Another preferred set of organic groups which may be attached to the carbon black are organic groups having an aminophenyl, such as (C.sub.6 H.sub.4)--NH.sub.2, (C.sub.6 H.sub.4)--CH.sub.2 --(C.sub.6 H.sub.4)--NH.sub.2, (C.sub.6 H.sub.4)--SO.sub.2 --(C.sub.6 H.sub.4)--NH.sub.2. Preferred organic groups also include aromatic sulfides, represented by the formulas Ar-S.sub.n -Ar' or Ar-S.sub.n -Ar", wherein Ar and Ar' are independently arylene groups, Ar" is an aryl and n is 1 to 8. Methods for attaching such organic groups to carbon black are discussed in U.S. patent applications Ser. Nos. 08/356,660, 08/572,525, and 08/356,459, the disclosures of which are fully incorporated by reference herein.

As stated earlier, the silicon-treated carbon black may also be modified to have at least one organic group attached to the silicon-treated carbon black. Alternatively, a mixture of silicon-treated carbon black and a modified carbon black having at least one attached organic group may be used.

Furthermore, it is within the bounds of this application to also use a mixture of silica and silicon-treated carbon black. Also, any combination of additional components with the silicon-treated carbon black may be used such as one or more of the following:

a) silicon-treated carbon black with an attached organic group optionally treated with silane coupling agents;

b) modified carbon black having an attached organic group;

c) silica;

d) modified silica, for example, having an attached organic group, and/or

e) carbon black.

Examples of silica include, but are not limited to, silica, precipitated silica, amorphous silica, vitreous silica, fumed silica, fused silica, silicates (e.g., alumino silicates) and other Si containing fillers such as clay, talc, wollastonite, etc. Silicas are commercially available from such sources as Cabot Corporation under the Cab-O-Sil Industries under the Hi-Sil and Ceptane tradenames; Rhone-Poulenc under the Zeosil tradename; and Degussa AG under the Ultrasil and Coupsil tradenames.

The elastomeric compounds of the present invention may be prepared from the treated carbon blacks by compounding with any elastomer including those useful for compounding a carbon black.

Any suitable elastomer may be compounded with the treated carbon blacks to provide the elastomeric compounds of the present invention. Such elastomers include, but are not limited to, rubbers, homo- or co-polymers of 1,3-butadiene, styrene, isoprene, isobutylene, 2,3-dimethyl-1,3-butadiene, acrylonitrile, ethylene, and propylene Preferably, the elastomer has a glass transition temperature (Tg) as measured by differential scanning colorimetry (DSC) ranging from about -120 limited, styrene-butadiene rubber (SBR), natural rubber, polybutadiene, polyisoprene, and their oil-extended derivatives. Blends of any of the foregoing may also be used.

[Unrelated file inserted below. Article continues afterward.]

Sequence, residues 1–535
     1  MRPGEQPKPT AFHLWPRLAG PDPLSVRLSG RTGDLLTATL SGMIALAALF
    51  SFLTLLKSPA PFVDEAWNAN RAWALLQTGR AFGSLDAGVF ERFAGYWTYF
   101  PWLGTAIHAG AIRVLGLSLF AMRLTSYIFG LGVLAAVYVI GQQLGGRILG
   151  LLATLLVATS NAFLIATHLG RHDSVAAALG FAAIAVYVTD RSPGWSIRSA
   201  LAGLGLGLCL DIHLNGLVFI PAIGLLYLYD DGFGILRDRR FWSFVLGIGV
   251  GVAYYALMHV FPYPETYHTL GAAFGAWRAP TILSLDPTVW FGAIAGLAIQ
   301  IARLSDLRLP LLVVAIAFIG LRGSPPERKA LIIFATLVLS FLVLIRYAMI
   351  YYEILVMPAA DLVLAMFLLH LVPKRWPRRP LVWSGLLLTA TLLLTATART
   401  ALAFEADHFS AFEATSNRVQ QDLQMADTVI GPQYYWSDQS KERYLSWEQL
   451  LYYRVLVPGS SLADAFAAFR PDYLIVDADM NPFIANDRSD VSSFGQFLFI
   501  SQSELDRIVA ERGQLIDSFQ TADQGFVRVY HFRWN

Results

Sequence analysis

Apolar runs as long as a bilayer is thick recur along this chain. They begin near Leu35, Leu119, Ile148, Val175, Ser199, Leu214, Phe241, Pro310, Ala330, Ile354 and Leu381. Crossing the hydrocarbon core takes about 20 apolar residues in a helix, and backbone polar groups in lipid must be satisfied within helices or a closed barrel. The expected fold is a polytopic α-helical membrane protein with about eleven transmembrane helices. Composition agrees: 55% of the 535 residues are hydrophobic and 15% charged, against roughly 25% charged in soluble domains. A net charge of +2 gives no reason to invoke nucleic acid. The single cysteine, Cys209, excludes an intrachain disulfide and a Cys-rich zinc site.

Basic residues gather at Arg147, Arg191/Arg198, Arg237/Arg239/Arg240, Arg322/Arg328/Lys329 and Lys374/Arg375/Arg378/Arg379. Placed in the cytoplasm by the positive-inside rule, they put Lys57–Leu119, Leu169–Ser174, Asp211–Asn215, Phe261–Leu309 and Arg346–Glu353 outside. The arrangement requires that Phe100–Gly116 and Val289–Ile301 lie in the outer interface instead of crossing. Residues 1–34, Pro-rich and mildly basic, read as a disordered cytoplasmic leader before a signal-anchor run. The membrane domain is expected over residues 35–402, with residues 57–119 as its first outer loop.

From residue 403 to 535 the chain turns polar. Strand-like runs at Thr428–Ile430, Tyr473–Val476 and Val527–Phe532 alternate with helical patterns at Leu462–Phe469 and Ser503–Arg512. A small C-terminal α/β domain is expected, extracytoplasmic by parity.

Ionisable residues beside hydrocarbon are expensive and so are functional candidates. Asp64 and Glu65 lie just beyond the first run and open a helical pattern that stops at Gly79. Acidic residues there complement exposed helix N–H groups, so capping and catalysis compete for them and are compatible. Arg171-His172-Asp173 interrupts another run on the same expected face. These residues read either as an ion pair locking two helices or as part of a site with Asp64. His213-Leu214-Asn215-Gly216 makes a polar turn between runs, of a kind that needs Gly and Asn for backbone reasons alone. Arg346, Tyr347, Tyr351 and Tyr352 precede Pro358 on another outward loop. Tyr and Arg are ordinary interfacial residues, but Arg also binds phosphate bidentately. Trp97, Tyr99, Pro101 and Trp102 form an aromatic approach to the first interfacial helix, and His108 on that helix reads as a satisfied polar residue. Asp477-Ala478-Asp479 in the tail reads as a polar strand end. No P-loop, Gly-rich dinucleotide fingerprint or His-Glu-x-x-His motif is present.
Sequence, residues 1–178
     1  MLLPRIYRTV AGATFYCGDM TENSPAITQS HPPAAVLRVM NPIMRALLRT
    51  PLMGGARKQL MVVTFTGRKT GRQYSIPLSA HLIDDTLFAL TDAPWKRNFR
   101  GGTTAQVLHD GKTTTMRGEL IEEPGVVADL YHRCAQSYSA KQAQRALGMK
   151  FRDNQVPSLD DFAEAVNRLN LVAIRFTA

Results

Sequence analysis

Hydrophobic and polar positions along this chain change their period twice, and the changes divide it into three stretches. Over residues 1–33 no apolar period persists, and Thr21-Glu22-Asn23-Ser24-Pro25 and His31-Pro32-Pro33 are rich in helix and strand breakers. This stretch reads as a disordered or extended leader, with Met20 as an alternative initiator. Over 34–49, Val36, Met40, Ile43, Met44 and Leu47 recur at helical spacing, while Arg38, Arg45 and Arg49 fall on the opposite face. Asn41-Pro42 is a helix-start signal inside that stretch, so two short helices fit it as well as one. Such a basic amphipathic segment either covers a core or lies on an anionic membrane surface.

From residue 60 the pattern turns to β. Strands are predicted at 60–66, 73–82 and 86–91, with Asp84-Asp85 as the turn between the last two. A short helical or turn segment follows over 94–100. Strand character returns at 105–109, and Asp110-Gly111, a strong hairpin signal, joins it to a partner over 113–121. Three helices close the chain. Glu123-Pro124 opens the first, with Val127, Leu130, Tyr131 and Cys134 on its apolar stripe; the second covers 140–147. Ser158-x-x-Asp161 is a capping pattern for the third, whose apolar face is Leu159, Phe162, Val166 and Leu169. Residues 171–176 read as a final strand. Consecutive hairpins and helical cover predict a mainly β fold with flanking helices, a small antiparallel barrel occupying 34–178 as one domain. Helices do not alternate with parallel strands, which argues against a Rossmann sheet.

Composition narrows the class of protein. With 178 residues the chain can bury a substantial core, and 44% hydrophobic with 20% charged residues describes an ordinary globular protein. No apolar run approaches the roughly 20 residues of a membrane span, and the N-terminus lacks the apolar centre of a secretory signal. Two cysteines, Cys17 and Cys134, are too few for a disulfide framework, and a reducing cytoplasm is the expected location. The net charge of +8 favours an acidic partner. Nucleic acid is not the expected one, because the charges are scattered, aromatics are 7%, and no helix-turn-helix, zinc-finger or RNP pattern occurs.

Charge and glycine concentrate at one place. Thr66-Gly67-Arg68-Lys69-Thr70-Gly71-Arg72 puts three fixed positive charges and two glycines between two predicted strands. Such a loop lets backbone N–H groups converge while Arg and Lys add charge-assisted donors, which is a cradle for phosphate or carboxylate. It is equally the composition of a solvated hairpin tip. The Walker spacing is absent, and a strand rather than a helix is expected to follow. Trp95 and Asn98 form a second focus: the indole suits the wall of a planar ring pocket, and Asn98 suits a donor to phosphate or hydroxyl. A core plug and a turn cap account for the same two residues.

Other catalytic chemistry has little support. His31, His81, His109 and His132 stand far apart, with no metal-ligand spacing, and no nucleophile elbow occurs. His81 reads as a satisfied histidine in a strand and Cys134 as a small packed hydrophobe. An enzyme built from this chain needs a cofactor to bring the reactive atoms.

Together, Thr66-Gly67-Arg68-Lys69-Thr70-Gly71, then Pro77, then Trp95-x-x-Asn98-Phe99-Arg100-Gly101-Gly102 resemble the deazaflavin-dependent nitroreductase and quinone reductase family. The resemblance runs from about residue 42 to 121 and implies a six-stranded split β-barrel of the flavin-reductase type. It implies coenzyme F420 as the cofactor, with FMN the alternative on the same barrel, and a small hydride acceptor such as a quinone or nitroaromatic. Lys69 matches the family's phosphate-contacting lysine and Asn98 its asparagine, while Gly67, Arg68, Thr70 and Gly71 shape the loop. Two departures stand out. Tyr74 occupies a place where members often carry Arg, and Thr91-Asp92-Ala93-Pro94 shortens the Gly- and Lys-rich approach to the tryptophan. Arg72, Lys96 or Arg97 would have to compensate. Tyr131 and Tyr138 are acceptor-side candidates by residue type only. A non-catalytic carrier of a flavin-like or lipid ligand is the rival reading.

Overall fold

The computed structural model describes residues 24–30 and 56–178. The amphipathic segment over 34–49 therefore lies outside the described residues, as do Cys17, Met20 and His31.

Among the rubbers suitable for use with the present invention are natural rubber and its derivatives such as chlorinated rubber. The silicon-treated carbon black products of the invention may also be used with synthetic rubbers such as: copolymers of from about 10 to about 70 percent by weight of styrene and from about 90 to about 30 percent by weight of butadiene such as copolymer of 19 parts styrene and 81 parts butadiene, a copolymer of 30 parts styrene and 70 parts butadiene, a copolymer of 43 parts styrene and 57 parts butadiene and a copolymer of 50 parts styrene and 50 parts butadiene; polymers and copolymers of conjugated dienes such as polybutadiene, polyisoprene, polychloroprene, and the like, and copolymers of such conjugated dienes with an ethylenic group-containing monomer copolymerizable therewith such as styrene, methyl styrene, chlorostyrene, acrylonitrile, 2-vinyl-pyridine, 5-methyl 2-vinylpyridine, 5-ethyl-2-vinylpyridine, 2-methyl-5-vinylpyridine, alkyl-substituted acrylates, vinyl ketone, methyl isopropenyl ketone, methyl vinyl either, alphamethylene carboxylic acids and the esters and amides thereof such as acrylic acid and dialkylacrylic acid amide; also suitable for use herein are copolymers of ethylene and other high alpha olefins such as propylene, butene-1 and pentene-1.